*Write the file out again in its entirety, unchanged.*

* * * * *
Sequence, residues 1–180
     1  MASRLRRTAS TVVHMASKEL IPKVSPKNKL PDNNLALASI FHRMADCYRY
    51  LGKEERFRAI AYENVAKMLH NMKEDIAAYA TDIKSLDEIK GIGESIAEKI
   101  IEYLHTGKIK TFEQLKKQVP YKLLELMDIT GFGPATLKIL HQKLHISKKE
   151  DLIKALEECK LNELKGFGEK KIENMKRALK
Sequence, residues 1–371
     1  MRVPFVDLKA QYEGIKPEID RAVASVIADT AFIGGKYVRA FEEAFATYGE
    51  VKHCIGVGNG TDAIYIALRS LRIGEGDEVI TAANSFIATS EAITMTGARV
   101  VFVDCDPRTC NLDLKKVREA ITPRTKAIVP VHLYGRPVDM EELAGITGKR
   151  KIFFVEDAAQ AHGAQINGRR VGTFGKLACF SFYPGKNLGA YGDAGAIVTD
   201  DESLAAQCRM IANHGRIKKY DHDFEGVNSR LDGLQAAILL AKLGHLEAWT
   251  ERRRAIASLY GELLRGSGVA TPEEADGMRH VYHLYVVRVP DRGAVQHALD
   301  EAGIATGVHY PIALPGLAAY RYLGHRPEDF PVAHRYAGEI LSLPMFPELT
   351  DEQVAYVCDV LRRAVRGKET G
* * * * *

Sequence, residues 1–180
     1  MASRLRRTAS TVVHMASKEL IPKVSPKNKL PDNNLALASI FHRMADCYRY
    51  LGKEERFRAI AYENVAKMLH NMKEDIAAYA TDIKSLDEIK GIGESIAEKI
   101  IEYLHTGKIK TFEQLKKQVP YKLLELMDIT GFGPATLKIL HQKLHISKKE
   151  DLIKALEECK LNELKGFGEK KIENMKRALK
Sequence, residues 1–371
     1  MRVPFVDLKA QYEGIKPEID RAVASVIADT AFIGGKYVRA FEEAFATYGE
    51  VKHCIGVGNG TDAIYIALRS LRIGEGDEVI TAANSFIATS EAITMTGARV
   101  VFVDCDPRTC NLDLKKVREA ITPRTKAIVP VHLYGRPVDM EELAGITGKR
   151  KIFFVEDAAQ AHGAQINGRR VGTFGKLACF SFYPGKNLGA YGDAGAIVTD
   201  DESLAAQCRM IANHGRIKKY DHDFEGVNSR LDGLQAAILL AKLGHLEAWT
   251  ERRRAIASLY GELLRGSGVA TPEEADGMRH VYHLYVVRVP DRGAVQHALD
   301  EAGIATGVHY PIALPGLAAY RYLGHRPEDF PVAHRYAGEI LSLPMFPELT
   351  DEQVAYVCDV LRRAVRGKET G